Most of the dates in the next version, T2, were different from the dates in Appendix B for the same events (for example, in T2 Rivendell was founded in S.A. 750 while in Appendix B it was established in 1697). The most extreme dating difference was in the finding of the Ring: In T2 Déagol found it in T.A. 1100 whereas in Appendix B he found it in 2463. Christopher listed those points where T(a), T2, and manuscript A of the Akallabêth all agreed, which demonstrated their parallel development.[3] He also made mention of two other points about T2: First, in T2 the Second Age ended with the taking and loss of the One Ring whereas in the final chronology the Ring was taken in S.A. 3441 and lost in T.A. 2 when Isildur was slain. Second, in T2 Elendil's son Anárion was listed before Isildur because originally Anárion was the older of the two. Accompanying T2 was another loose page that Christopher called T(b). It was a reiteration of the calculations of Númenórean lifespans.[4]

Christopher discussed the various and confusing differences between computations and chronologies up to this point, noting that some of the later parts reverted to older concepts. The Akallabêth had a different scheme[5] that arrived at the same ending point of S.A. 3319 for the Downfall. Christopher was at a loss to explain the textual puzzle for all these disparate pieces. He did feel that the formulaic calculations of the reigns of the Númenórean kings provided the framework for the chronology of the Second Age since the dating of events in Middle-earth were marked by extreme fluidity.[6]

T3 was a copy of T2 with a few expansions. T3 was then expanded into version T4, which was reproduced in this chapter. Christopher noted that T4 did not introduce many new dates but the text for the existing dates was expanded so that T4 had become a condensed history rather than a chronological list. An amanuensis typescript of T4 was made, T5, which Tolkien heavily corrected, but mostly to trim the text by omitting phrases.[7] At this stage the Akallabêth had reached its second stage and the entries for Ar-Pharazôn now refer to him as the twenty-fifth king of Númenor instead of the thirteenth. Some of the opening dates for the Second Age were altered, Nazgûl replaced Úlairi, and Avallon was replaced by Eressëa or omitted altogether.[8]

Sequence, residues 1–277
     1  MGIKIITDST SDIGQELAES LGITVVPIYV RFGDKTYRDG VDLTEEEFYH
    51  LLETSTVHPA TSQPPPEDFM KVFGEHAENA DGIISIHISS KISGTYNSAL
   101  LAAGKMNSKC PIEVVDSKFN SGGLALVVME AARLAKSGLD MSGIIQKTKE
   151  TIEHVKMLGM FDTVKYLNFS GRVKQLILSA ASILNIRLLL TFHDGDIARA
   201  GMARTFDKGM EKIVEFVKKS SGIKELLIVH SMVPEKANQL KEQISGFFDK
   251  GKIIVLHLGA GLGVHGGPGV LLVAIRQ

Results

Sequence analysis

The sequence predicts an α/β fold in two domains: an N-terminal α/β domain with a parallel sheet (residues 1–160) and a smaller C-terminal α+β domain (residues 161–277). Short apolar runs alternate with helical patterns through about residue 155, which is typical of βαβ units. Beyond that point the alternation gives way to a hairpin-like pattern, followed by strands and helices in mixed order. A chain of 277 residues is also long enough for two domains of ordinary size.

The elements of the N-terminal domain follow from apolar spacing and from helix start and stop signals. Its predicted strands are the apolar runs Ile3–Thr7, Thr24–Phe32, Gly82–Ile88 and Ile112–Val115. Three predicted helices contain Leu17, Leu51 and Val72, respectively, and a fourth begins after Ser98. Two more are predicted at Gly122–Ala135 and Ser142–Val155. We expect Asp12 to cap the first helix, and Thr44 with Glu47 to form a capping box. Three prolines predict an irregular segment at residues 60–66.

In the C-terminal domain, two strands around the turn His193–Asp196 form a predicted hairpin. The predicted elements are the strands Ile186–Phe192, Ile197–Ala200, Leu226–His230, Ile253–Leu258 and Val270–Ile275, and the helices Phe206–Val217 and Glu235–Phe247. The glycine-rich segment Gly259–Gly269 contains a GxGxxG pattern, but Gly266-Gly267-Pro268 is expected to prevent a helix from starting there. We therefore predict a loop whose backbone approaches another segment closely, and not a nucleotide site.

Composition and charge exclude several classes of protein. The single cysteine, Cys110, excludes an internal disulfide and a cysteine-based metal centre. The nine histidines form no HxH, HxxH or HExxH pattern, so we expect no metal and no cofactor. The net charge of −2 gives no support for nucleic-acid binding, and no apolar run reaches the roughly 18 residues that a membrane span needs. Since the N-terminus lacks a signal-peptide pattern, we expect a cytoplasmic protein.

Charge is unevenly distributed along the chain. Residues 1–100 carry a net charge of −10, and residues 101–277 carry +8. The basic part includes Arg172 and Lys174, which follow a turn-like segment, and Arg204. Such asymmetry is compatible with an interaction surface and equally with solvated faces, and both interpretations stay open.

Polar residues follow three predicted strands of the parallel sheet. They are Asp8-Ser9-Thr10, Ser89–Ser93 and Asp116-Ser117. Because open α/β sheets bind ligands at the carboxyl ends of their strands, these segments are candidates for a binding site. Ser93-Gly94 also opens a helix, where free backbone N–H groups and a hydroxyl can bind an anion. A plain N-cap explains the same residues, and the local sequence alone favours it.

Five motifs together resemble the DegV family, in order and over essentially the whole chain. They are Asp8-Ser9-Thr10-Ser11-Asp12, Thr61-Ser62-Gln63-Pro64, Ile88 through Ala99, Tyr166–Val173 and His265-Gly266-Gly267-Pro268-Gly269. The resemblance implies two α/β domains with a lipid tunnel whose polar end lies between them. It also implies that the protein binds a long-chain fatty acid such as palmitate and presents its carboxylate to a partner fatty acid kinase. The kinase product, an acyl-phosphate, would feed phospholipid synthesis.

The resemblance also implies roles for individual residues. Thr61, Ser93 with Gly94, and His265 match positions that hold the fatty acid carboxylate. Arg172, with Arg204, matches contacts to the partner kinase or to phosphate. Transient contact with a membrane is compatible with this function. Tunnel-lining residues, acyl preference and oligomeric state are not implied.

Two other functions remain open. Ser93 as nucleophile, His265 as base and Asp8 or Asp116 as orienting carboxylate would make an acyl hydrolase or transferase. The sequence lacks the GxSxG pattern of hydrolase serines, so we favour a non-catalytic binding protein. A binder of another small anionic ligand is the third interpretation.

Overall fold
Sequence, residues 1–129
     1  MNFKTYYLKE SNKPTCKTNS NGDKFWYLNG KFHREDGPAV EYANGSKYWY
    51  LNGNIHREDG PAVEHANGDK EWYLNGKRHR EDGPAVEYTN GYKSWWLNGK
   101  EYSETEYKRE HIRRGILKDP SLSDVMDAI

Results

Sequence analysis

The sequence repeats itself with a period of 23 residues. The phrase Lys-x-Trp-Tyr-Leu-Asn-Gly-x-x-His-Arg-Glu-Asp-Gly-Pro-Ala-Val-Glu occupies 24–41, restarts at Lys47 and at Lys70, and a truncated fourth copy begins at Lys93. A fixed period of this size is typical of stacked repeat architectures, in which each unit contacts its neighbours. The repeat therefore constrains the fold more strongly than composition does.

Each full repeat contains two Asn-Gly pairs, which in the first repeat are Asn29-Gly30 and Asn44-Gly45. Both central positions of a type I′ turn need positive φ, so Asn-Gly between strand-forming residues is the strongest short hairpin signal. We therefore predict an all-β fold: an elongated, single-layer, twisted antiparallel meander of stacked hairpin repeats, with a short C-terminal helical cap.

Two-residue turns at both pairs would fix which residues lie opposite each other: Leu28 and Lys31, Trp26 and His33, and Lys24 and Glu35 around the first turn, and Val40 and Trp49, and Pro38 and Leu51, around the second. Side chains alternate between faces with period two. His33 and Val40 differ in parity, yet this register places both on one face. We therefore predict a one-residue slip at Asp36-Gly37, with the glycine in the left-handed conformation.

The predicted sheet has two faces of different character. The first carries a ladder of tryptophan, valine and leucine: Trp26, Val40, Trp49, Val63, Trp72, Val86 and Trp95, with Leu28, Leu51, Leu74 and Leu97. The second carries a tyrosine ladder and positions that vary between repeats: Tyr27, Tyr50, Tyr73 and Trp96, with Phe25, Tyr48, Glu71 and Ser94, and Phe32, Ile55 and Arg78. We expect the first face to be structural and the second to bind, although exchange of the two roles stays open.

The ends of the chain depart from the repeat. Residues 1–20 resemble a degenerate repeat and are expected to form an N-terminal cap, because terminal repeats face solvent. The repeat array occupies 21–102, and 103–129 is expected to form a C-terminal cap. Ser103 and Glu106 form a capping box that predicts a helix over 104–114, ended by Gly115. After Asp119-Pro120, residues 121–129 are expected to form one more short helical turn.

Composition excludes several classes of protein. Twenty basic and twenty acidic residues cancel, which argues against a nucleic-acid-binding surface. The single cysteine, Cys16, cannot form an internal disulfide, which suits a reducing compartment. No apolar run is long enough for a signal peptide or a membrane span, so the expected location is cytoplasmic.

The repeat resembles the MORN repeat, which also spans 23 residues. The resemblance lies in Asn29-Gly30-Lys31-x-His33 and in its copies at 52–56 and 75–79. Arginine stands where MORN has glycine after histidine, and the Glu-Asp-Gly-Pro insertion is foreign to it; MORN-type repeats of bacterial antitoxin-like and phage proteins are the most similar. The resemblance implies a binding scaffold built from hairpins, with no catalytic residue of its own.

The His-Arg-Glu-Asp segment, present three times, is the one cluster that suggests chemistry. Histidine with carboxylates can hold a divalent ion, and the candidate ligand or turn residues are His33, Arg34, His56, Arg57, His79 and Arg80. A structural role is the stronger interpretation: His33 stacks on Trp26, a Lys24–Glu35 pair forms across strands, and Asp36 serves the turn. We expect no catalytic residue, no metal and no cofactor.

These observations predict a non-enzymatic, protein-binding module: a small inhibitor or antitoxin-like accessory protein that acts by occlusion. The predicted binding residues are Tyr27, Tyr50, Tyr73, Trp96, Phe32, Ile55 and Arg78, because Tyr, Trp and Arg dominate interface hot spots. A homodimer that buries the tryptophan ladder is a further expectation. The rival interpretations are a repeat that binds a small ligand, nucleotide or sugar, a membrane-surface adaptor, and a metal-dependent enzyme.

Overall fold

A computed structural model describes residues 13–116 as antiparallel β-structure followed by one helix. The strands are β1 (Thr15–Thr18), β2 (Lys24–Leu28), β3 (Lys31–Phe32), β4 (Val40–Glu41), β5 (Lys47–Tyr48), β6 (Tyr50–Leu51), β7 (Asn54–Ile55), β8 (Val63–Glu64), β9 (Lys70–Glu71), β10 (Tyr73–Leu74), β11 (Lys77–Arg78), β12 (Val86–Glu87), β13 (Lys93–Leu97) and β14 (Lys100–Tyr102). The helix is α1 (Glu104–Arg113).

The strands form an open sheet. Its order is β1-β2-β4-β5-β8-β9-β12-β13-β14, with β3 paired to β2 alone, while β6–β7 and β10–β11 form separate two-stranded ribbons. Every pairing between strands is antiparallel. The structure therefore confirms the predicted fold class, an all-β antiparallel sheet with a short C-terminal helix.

After T5, Tolkien was faced with the impending deadline for publication of The Return of the King and had to finish quickly while cutting dramatically. Christopher presented a new chronology culled from a confused collection of manuscripts, showing out-of-order dates interleaved in a list. This mess was then replaced by a more coherent version, with many dates moved backward by one hundred years (but which were restored in the published Appendix B).

The entry for the years 2250 to 3000 broke off suddenly in mid-sentence, followed by a lengthy account of the history of the Númenóreans. Christopher believed that his father was daunted by the fact that no history of Númenor was to be included in The Lord of the Rings and felt that a mere chronological scheme was inadequate. Eventually this piece would be moved from the Tale of Years to Appendix A. Actually there were two pieces – Tolkien composed the story twice – which contained more information about Tar-Palantir, Míriel, and Ar-Pharazôn than was published. Two passages from the text were cited in this chapter.[9]

[edit] References

  1. J.R.R. Tolkien, Christopher Tolkien (ed.), The Peoples of Middle-earth, "The Tale of Years of the Second Age", pp. 166-167
  2. J.R.R. Tolkien, Christopher Tolkien (ed.), The Peoples of Middle-earth, "The Tale of Years of the Second Age", p. 167
  3. J.R.R. Tolkien, Christopher Tolkien (ed.), The Peoples of Middle-earth, "The Tale of Years of the Second Age", pp. 169-170
  4. J.R.R. Tolkien, Christopher Tolkien (ed.), The Peoples of Middle-earth, "The Tale of Years of the Second Age", p. 170
  5. J.R.R. Tolkien, Christopher Tolkien (ed.), The Peoples of Middle-earth, "The History of the Akallabêth", pp. 150-151
  6. J.R.R. Tolkien, Christopher Tolkien (ed.), The Peoples of Middle-earth, "The Tale of Years of the Second Age", p. 172
  7. J.R.R. Tolkien, Christopher Tolkien (ed.), The Peoples of Middle-earth, "The Tale of Years of the Second Age", p. 177
  8. J.R.R. Tolkien, Christopher Tolkien (ed.), The Peoples of Middle-earth, "The Tale of Years of the Second Age", p. 177
  9. J.R.R. Tolkien, Christopher Tolkien (ed.), The Peoples of Middle-earth, "The Tale of Years of the Second Age", pp. 180-184